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Mac Life

Gregg Bolinger
GenRocket Founder
Ranch Hand

Joined: Jul 11, 2001
Posts: 15302

PC's are cheap. I consider the life of a typical PC anywhere between 2 to 3 years. And that includes probably a RAM and possibly video card update in the mean time. After 2 to 3 years, it's cheaper to just buy a new one than keep trying to upgrade.

So what is the life of a Mac? They aren't as cheap as the PC so I would hope they would last a bit longer. And I am sure upgrading components isn't as easy either. But I have never owned one, so what do I know.

[Bear edit: I corrected the title before some zealot pointed out that MAC is a network identifier and Mac is short for Macintosh. You should see the flame-fests that ensue over this triviality. :roll: ]
[ September 23, 2004: Message edited by: Bear Bibeault ]

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Bear Bibeault
Author and ninkuma

Joined: Jan 10, 2002
Posts: 63844

I have one Mac that is over 5 years old and still going strong. It's not the fastest machine in the world but runs the latest OS X without problems.

Yeah, they may cost a little more at the outset, but even more than longevity, what I like is that I spend practically no time futzing around with admin issues. When I'm on a Mac, I'm doing work.

And I find it a dream machine for Java development.

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Bear Bibeault
Author and ninkuma

Joined: Jan 10, 2002
Posts: 63844

Addendum to "When I'm on a Mac, I'm doing work": unless I'm playing Quake 3.
Warren Dew
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Joined: Mar 04, 2004
Posts: 1332
The Mac is indeed a dream machine for Java development. It has a beautiful, highly functional GUI, and an easily accessible Unix command line - in BSD Unix, the gold standard of Unixes. Apple seems very committed to the Java platform.

I just replaced a 1998 PowerBook, so that gives you some idea of their life. A 2000 G4 is still my wife's primary desktop machine, though it might get replaced soon by my 2002 model, if I buy a new G5. (I've been doing a fair amount of video stuff recently, for which power is still useful.)

One of the differences is that upgrades to the OS don't require upgrades to the hardware. A lot of people found that switching from Win2k to WinXP, things got a lot slower and they had to buy a new machine. In contrast, when I upgraded from 10.1 to 10.2, my machine actually got faster, and I understand that the same happened for people who upgraded to 10.3 (I'm currently happy in 10.2).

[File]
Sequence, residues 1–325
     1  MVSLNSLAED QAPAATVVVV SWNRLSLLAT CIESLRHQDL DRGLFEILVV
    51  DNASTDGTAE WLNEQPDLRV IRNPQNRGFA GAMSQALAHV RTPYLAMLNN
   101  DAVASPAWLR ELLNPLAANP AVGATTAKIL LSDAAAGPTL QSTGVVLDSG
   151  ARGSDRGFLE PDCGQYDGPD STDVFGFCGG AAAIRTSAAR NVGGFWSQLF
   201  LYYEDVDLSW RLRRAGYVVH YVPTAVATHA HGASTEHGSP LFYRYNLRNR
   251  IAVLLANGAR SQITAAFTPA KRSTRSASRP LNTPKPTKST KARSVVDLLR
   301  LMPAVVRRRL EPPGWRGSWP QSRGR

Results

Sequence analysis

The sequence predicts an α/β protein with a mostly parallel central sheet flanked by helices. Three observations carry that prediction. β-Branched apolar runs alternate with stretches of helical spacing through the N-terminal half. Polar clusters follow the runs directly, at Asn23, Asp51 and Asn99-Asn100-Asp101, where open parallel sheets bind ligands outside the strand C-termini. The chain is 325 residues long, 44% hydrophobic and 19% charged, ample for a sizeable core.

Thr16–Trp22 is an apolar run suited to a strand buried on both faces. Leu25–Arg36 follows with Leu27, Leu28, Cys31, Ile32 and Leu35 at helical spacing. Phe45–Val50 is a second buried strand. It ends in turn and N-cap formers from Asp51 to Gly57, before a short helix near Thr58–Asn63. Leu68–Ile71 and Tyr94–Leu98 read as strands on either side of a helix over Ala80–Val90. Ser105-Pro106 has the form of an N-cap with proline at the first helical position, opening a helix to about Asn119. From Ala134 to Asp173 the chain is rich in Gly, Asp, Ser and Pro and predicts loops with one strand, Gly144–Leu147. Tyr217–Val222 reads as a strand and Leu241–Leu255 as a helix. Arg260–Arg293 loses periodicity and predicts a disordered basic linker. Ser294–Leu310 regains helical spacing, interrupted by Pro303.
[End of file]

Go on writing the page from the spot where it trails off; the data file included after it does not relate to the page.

Bear Bibeault
Author and ninkuma

Joined: Jan 10, 2002
Posts: 63844

the same happened for people who upgraded to 10.3

Yes, it did. 10.3 performs better than 10.2 on my older machines.

That's a really good point regarding their longevity, Warren.

Btw, I've been playing with video stuff too, but I'll be on my mirror-door G4 for some time.
[ September 22, 2004: Message edited by: Bear Bibeault ]
David Hibbs
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Joined: Dec 19, 2002
Posts: 374
I just went through this. My circa 2000 laptop is barely alive any more, after several years of abuse (including a 2 year old dancing on it!).

Before that, though, all I'd buy was a mac. I still have one sitting at home that rarely gets powered up, but has photoshop and many other goodies. If I ever get around to it, I'll put Linux on it. But I digress.

For a new machine, my choices were either the mac or a machine with XP. Or pay a pile extra for Win2K. Neither option was appealing.

Hmm. OSX is BSD-based. It comes with Java support. Heck, it has X11 support. Eclipse and OSX are beautiful. It comes with apache as the web sharing layer. Plug and play really works.

And the powerbook G4 comes in a sleek, machined-aluminum shell. Much more durable than any PC laptop you'll find without paying a pile for a "ruggedized" box. (Remember the 2 year old dancing on my last machine.)

Hardware upgrades on desktops are a cinch--much easier than any PC I've seen even the new Dells (which are very nice indeed).

Upgrades on laptops are just as easy. Take out the battery, unscrew a panel, and slip in a SO-DIMM.

Anyway, to sum up: I found my way home. cd, so to speak. I bought the PBG4.

A piece of advice: Don't pay to have them add extra memory at apple. get it from an online reseller. It's much cheaper. For $500 extra I could have ordered it with 1GB. Instead, I let them send me the 256MB version and bought a 1GB dimm from for $250 and popped it in next to the 256 MB to have a 1.25GB machine.

"Write beautiful code; then profile that beautiful code and make little bits of it uglier but faster." --The team, Newsletter 039.
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subject: Mac Life
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